yes, but would someone get the snow statistics daily as it probably has more of an impact than the reprehensible studies on the effect of rain and sunshine and moon phases and might actually be useful next jan and feb. vic

  6. Rocky Humbert on March 12, 2009 7:37 pm

    Daily Central Park snowfall (and other) weather data can be purchased from
    http://weather-warehouse.com/

    They have hourly data from 1973 to present. And daily data from 1902 to present.

    It’s rumored that the NY Public Library also has this sort of information for free.

    Unlike rainfall, cloud cover and sunshine, snowfall is cumulative. Hence one may want to consider the accumulation and melt over a multi-day period before reaching any conclusions.

    As an active natural gas trader, I pay considerable attention to temperature trends, HDD’s and CDD’s. But I’ll leave the predictive signficance of Frosty The Snowman to greater minds…

  7. Ken Drees on March 12, 2009 8:08 pm

    Let's keep it on topic and focused on the money making edge we all crave: I remember hearing about a study on cloudiness and its effects on Wall Street. The bottom line is that cloudy days lead to below average returns — who knows, maybe I read this in Education of a Speculator?
    ken

  8. Adam Kretschmann on March 12, 2009 8:33 pm
  9. Leon Mayeri on March 12, 2009 9:25 pm

    The generational groups that followed the boomers include gen x, gen y, and the echo boomers. These three combined are known as “gamers” primarily because of their shift from old media to new, which claimed a different aesthetic disposition toward interacting with the world on virtually all levels.

    My 14-year-old son, who makes up a yet-to-be-titled generation (suggestions? ADHD’ers?), takes the tech proliferation to new levels. His compulsion to texting, incessant online activity, and aversion to reading mark a seismic shift from what I grew up with during the sixties. I recently suggested that he read during his spare time and he said, rather emphatically, “I loathe reading.”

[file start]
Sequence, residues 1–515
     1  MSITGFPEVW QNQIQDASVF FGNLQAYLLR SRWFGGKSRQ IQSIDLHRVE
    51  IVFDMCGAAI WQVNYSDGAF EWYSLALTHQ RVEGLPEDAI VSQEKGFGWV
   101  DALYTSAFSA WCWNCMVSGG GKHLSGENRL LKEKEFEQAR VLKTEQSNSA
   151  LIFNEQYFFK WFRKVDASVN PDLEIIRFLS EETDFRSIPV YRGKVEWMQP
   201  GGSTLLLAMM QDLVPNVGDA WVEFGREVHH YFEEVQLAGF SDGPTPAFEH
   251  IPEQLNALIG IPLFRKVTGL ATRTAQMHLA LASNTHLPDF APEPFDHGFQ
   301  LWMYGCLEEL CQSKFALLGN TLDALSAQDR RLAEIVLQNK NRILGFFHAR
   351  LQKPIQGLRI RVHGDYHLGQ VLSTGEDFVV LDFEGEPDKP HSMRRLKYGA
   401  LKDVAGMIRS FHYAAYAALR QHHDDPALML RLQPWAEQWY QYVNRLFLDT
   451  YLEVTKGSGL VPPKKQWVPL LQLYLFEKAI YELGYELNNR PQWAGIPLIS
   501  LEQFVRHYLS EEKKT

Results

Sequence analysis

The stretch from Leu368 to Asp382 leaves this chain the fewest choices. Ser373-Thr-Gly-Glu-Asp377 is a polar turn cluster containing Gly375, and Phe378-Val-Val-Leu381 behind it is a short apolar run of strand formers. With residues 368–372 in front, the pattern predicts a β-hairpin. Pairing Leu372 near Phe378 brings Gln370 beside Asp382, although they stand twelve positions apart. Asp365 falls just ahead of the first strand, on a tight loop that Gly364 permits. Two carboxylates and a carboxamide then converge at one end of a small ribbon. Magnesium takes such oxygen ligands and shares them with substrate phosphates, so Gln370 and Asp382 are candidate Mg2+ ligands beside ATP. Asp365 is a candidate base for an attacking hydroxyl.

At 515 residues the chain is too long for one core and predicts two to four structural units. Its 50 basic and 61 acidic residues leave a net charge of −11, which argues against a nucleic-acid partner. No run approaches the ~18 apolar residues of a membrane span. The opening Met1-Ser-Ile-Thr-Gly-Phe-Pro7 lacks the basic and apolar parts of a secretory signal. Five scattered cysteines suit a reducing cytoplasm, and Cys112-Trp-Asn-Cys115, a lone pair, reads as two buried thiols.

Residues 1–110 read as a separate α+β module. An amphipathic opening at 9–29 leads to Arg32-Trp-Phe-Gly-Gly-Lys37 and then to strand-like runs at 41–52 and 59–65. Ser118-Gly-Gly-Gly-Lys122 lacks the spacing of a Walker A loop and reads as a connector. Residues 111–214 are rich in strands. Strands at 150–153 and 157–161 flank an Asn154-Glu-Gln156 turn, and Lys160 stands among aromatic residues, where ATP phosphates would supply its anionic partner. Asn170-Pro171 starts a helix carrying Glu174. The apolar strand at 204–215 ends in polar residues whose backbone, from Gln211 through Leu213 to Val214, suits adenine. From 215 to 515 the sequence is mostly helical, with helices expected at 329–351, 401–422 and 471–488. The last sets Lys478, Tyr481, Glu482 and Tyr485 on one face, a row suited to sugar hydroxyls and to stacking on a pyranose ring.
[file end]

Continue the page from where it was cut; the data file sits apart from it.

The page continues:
My 7-year old son is on the cusp. Reading is still a joy, basketball and baseball are daily exercises, and intellectual curiosity prevails. The old school can still work wonders, but the magnetic lure and dynamism of point and click addictions hangs heavily, threatening to disrupt the sanctity of his grandfather’s life and teachings, a man born 104 years prior to his birthday, who still whispers deep, contemplative words of wisdom to both of us.

  10. vic niederhoffer on March 12, 2009 10:40 pm

    why else did a seasonal day like march 2 2009 break the mold and 700 at the same time except for the snowstorm? vic

  11. Chris Monoki on March 13, 2009 1:05 am

    Perhaps New York weather had an impact on trading volume, and thus stock prices 40 years ago. But today, the market has greatly expanded. Market participants come from anywhere. The NASD is less at whim to physical location. Electronic trading see less snow. And globally, it doesn’t snow over the entire planet.

    More sadly to us that grew up with Downtown as the financial capital of the world, that mantle’s height has been cut down a bit. If yesteryear’s 5-inch snow fall in Manhattan resulted in X-1 trading volume, today it might result in x-0.25 volume.

    Keep pressing,
    Chris Monoki

  12. Craig Bowles on March 23, 2009 6:17 am

    There is a 7.6-year cycle for NY barometric pressure that signals stormy weather. 1970, 1977, 1985, 1992, 2000, 2008, 2015. A problem for many of these cycles is that they worked better before the late 1950s when the Fed became so active. Last night’s 3 eruptions of Mt. Redoubt gives us 7 active volcanoe’s in the jet stream. This should support grain prices and could have a big effect this summer. Raymond Wheeler found that climate has four phases over a 70-120 year period. The last 50 years from 1948-1998 appear to have been the warm-wet period and warm-dry period. 1998-2023 would be the approximate time for the cold-wet period and 2023-2048 would be cold-dry. It would seem to have something to do with the Pacific/Atlantic Ocean occillation and volcanic activity combined. In any case, the two cold phases are tougher conditions to grow crops among other things. Joe Bastardi says the last 10-15 years of the cooler Atlantic ocean cycle that we’re in now is historically quite eventful. The 9.3-year wheat cycle should be getting near the lows since mid-2000 was the last time wheat was under $2. Corn hit a high June-08, so the 3.5-year corn cycle suggests the next high around the end of 2011. So, maybe 2009 will be a dud but the grains being so cheap in gold terms and being 11 years into the cold-wet period suggests this area requires more attention for all of us. Washington obviously hasn’t factored any of this into their planning as they’re still talking global warming rather than global food shortages.